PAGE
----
Another important reminder is that Moody’s credit agency downgraded the health insurance industry in January, citing the endless cycle of policy uncertainty caused by destabilizing political delays and “fixes.” This turmoil may compel some companies to pull out of certain markets, and will almost certainly contribute to premium increases. Those who are covered by this “keep your plan” stay of execution will be allowed to maintain their “sub-standard” (in the White House’s eyes) coverage, which entails fewer mandates and costs less. Insurers who do scramble to keep these plans intact are (a) spending resources to do so and (b) are taking a revenue hit as a result. Under Obamacare’s model, these people are supposed to pay more to offset the new costs of insuring high-risk consumers with pre-existing conditions. Rather than absorb those new costs — profit margins are tight — they will be passed down and spread out across other consumers in the form of higher premiums or out-of-pocket expenses.
Ultimately, though, this gambit isn’t about health coverage, helping people or righting wrongs. It’s about handing Democrats across the country a thin reed of an excuse when the next batch of cancellations hit. “The president tried to make this right, but some states and greedy insurers refused to go along with this fix for the American people,” they’ll try to argue. This is bogus, and I strongly suspect it won’t work. This administration wrote these rules in such a way that they knew tens of millions of people would lose their existing coverage, contra Obama’s repeated promises. Republicans saw this problem coming years ago and offered a legislative correction to keep the pledge back in 2010. Democrats voted in lock-step to kill it. The catalyst behind the president’s quasi-apology and “fix” idea was a ripple of abject panic among Democrats, who were getting pummeled by terrible headlines last fall. Many began to float freelance ideas to change Obamacare, several of which would have deeply undermined the law’s viability. Obama’s cobbled-together plan was pure damage control. The forthcoming extension is round two of said damage control. It’s that simple. And why am I confident that it won’t move the needle much? One of the Democrats who’s been leaning on this Obama-crafted excuse is Sen. Kay Hagan, whose approval rating has tanked into the low-30′s, with Obamacare submerged in unpopularity among her state’s voters. In other words, she’s been clinging to this lifeline for months and it hasn’t helped her. The president, meanwhile, is mocking Republicans. Why, when he so generously tries to “improve” Obamacare, the GOP calls him a tyrant, those hypocritical ingrates:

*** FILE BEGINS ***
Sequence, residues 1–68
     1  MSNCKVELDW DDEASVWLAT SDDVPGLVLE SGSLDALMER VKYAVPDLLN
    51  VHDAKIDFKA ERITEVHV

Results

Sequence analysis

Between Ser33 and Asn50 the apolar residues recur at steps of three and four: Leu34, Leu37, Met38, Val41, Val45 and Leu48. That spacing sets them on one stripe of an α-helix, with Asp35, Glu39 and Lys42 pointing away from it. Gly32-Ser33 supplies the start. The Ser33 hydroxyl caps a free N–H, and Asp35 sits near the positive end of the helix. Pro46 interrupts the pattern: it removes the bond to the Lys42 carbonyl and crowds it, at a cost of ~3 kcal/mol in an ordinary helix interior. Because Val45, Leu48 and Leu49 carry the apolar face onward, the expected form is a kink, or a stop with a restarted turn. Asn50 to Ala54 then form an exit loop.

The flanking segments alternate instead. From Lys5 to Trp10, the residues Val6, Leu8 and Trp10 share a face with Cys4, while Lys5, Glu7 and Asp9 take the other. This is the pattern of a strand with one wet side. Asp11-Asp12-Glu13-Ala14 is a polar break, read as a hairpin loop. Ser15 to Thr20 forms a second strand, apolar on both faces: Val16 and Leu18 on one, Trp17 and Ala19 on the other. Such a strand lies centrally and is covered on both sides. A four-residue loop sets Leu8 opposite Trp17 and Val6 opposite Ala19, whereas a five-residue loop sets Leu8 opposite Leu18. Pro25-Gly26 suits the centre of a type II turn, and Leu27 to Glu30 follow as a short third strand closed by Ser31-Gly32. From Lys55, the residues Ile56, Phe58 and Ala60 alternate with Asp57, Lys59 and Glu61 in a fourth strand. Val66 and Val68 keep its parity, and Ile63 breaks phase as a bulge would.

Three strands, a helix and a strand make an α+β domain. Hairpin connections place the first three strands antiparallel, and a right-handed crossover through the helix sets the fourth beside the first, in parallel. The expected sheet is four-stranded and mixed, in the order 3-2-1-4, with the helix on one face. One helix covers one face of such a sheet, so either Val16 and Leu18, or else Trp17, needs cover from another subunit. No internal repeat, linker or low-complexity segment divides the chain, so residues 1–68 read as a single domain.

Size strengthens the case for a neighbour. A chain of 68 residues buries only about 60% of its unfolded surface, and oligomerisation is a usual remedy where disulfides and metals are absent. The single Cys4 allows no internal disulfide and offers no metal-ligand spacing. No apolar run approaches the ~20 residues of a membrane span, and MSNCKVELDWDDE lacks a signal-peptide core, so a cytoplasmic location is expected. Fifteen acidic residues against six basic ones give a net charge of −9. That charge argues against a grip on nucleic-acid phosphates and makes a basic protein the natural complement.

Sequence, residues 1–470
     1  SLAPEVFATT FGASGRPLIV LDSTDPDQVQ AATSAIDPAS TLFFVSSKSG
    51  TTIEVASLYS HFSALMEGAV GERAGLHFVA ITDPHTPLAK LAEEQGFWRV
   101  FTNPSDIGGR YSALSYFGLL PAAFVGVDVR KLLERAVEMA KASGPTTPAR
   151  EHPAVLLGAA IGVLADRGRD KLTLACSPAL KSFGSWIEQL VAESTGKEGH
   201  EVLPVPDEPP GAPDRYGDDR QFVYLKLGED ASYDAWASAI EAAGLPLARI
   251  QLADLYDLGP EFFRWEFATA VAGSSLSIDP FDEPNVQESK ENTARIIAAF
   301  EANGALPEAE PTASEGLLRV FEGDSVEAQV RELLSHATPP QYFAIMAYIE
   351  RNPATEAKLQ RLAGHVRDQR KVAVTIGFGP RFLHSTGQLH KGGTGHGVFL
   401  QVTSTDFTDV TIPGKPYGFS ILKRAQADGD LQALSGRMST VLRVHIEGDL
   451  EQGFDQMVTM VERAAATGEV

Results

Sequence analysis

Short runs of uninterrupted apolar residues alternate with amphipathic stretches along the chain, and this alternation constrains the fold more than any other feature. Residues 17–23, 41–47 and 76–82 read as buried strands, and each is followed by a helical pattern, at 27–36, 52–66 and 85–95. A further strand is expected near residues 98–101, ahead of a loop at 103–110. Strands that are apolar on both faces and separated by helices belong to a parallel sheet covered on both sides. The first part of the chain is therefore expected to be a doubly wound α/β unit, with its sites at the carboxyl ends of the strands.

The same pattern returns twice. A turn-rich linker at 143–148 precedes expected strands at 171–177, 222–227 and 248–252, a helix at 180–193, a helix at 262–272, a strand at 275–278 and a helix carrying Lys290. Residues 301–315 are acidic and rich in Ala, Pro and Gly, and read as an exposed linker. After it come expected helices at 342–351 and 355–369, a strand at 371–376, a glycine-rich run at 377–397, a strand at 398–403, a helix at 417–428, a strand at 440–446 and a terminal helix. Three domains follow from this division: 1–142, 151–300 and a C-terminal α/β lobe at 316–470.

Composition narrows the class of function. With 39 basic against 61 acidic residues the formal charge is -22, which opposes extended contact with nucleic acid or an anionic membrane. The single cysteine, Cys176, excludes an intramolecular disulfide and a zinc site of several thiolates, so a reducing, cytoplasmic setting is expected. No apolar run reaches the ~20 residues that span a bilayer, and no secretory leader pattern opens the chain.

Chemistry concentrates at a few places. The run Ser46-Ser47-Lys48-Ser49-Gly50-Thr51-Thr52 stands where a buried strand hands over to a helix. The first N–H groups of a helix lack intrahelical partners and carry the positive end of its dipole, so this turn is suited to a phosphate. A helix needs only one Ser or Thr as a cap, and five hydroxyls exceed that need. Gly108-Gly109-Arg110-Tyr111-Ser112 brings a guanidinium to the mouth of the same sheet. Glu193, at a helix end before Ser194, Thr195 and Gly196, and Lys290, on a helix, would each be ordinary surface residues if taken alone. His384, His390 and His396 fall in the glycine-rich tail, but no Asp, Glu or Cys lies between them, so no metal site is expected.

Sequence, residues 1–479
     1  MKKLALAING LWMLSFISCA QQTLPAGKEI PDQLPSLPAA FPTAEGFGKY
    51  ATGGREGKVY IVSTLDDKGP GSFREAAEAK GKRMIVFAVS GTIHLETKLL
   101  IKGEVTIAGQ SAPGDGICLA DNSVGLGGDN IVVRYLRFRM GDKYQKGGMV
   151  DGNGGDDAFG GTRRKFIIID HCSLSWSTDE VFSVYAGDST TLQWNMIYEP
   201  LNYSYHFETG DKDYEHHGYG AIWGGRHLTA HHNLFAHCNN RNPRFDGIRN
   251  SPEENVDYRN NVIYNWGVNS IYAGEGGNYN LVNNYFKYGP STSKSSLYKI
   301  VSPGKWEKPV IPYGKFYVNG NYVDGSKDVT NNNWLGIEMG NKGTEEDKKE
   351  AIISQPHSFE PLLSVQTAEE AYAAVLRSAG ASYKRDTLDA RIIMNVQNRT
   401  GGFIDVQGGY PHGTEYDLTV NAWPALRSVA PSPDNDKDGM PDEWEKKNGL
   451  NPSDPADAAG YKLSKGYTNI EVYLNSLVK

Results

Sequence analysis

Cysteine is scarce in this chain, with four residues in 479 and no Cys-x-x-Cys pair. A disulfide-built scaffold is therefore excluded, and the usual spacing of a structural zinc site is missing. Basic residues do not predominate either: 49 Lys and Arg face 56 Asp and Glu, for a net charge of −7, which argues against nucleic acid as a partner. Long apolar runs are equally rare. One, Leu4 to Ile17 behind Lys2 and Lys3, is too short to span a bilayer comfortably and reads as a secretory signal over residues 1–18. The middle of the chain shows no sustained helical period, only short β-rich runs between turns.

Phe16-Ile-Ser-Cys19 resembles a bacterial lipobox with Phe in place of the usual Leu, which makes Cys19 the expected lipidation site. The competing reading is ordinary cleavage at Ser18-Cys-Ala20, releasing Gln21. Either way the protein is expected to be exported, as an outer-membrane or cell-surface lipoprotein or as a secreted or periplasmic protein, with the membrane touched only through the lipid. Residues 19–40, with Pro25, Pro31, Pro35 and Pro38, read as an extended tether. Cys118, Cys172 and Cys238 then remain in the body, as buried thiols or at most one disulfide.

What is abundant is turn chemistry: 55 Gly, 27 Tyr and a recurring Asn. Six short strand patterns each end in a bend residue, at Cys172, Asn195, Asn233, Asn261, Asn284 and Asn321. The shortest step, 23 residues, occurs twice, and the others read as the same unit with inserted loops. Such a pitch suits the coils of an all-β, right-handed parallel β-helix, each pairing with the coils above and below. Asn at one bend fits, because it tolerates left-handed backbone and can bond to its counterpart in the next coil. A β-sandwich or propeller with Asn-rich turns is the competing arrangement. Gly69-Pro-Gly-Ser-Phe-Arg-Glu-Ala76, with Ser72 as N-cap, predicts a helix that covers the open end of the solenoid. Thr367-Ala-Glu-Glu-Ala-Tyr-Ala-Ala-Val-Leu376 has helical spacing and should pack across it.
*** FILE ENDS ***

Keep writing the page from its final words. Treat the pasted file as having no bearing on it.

He’s being smirkingly obtuse on purpose. Republicans are leveling two separate objections here: First, that Obamacare isn’t working and needs to be changed and repealed, and second, that Obama is overstepping his authority by simply decreeing unilateral changes to a duly-passed piece of legislation. His administration has made one alteration after another, several of which have been deemed legally dubious by legal scholars and media types alike. Indeed, when the House passed a bill to delay the law’s employer mandate (which Obama has now done twice, single-handedly), the White House threatened a veto.
This is always the way of the left: try to sneer off and ironize away the “hyperbolic” nature of the charges against them. Is Obama dressed in fatigues and sporting a Saddam ‘stache? Is he speaking from balconies?
No. So how can he be a tyrant?
Typically, they go for form over function, perception over reality, and expect us all to play along — marking those of us who don’t as throwbacks or constitutional fetishists. You know, students and adherents of the Enlightenment rather than Gramsci, et al.
But the truth is, from both a constitutional, separation of powers perspective — as well as from the linguistic perspective that I’ve pointed out repeatedly gives cover to this kind of lawlessness and creative rewriting of statutes that deconstruct original legislative intent — this is the very definition of dictatorship. That it has the support of a Senate that has worked to cede its power to the Executive, and a Court whose Chief Justice cares more about comity and his “legacy” as it will be written up by the New York Times, is immaterial.
That just means we have, as part of our governmental class, a cabal of ruling elites who have decided to use the law against us.